Restoring Ecosystem Services
Restoring Ecosytem Services….One Roof at a Time
Although not by any means a new concept, green roofs are becoming an increasingly popular trend in sustainable building design. From their origins in Scandinavia, green roofs have spread throughout Europe and the rest of the world. As well as being popular with ‘green’ building designers, green roofs are gaining increasing kudos with town planners, which can be seen by their increasing prevalence in planning policy… but what environmental benefits do they actually provide?
Historically, urban areas have been stripped of ecosystems that previously existed. Ecosystems provide environmental services such as drainage, cooling, and pollution sequestration. Some of these services are partly replaced through the use of ‘grey’ infrastructure; however, grey infrastructure tends to be single purpose with a short lifespan and historically fails to replace ecosystem services lost during urbanisation. Green roofs present an opportunity to reintroduce some of these ecosystem services across urban areas on what is otherwise unused roof space. Should we define grey infrastructure?
Climate Change Adaptation Research
Waterman has recently received funding from the Technology Strategy Board (TSB) to develop a climate adaptation strategy for an office / civic building in the midlands. As part of this study, Waterman are modelling the effects of various green roofing strategies on the microclimate surrounding the building using the software ENVI-met. Through cooling the microclimate surrounding the development as well as the inside of the building, the installation of green roofs will help the building adapt to increased temperatures associated with climate change. The model will help advice on the green roof design to ensure that environmental benefits to the project are maximised.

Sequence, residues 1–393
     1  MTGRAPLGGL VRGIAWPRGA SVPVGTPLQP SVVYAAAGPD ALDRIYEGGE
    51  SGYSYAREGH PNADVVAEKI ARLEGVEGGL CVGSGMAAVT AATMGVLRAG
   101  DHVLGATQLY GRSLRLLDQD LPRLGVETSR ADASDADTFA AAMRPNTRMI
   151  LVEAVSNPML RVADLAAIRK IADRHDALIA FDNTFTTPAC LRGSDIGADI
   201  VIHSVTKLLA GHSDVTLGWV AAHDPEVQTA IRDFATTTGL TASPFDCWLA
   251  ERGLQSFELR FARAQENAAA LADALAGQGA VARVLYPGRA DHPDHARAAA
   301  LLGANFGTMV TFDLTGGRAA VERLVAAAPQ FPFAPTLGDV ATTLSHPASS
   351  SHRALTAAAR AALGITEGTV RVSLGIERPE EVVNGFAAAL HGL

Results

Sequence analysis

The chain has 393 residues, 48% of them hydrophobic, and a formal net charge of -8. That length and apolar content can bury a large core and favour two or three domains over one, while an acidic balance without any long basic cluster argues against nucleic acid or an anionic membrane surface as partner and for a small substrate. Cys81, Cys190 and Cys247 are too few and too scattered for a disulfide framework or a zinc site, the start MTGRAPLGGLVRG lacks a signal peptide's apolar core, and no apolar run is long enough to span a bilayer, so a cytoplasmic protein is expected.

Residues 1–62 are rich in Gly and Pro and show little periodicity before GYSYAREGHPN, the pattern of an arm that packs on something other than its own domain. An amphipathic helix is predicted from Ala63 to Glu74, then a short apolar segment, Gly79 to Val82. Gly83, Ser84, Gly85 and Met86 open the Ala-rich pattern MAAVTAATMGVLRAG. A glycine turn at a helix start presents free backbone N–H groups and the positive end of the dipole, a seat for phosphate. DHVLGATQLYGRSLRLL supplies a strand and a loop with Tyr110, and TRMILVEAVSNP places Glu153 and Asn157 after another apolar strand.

There are two types of green roofs, extensive (shallow substrates, light weight, often planted with sedum) and intensive (deeper substrates, diverse/elaborate planting). Both types of green roofs have been shown to provide a variety of ecosystem services, and thus environmental benefits. The environmental benefits tend to be greater for intensive than extensive green roofs.
With the increasing severity of rainfall events associated with climate change, there is going to be increased strain put on already stretched drainage systems in urban areas. In nature, rainfall is absorbed into the ground and travels through the soil, preventing build-up of surface water. However, throughout urban areas, due to the prevalence of impermeable surfaces water travels over the ground at an increased rate; collecting pollutants as it goes and often causing localised flooding as a result of blocked drains or simply because the drainage system just can’t cope with the volume of water. With climate change, the frequency and intensity of severe rainfall events are predicted to increase in the future, meaning that flood events are also likely to increase in the future.
Green roofs have been shown to decrease localised flooding events. They act in a similar way to natural ecosystems; storing storm water in the soil beneath the vegetation. This water is then released slowly over time through drainage and evaporation.
The Urban Heat Island Effect
The Urban Heat Island Effect (UHIE) refers to the relative increase in temperature of urban areas compared to the surrounding rural areas. UHIE can be linked in many ways to the removal of ecosystem services from urban areas; increased heat storage in building materials; decreased albedo; and lack of evaporative cooling. Green roofs and walls increase the albedo of the building envelope, meaning that heat is reflected from buildings rather than being stored in their fabric. Through evapotranspiration green roofs also provide cooling to both the inside of the building as well as localised microclimate cooling.
Green Roofs and PV…?
A common misconception facing green roofs is that they compete for roof space with photovoltaic panels (PV); this is in fact not true. When installed on green roofs, PV are found to be more efficient due to the localised cooling provided by the green roof. In addition, PV shadow creates a localised microclimate which can improve the biodiversity of the green roof.
As well as the benefits listed above, green roofs have also been shown to absorb pollutants, increase biodiversity and increase the building occupier’s sense of wellbeing.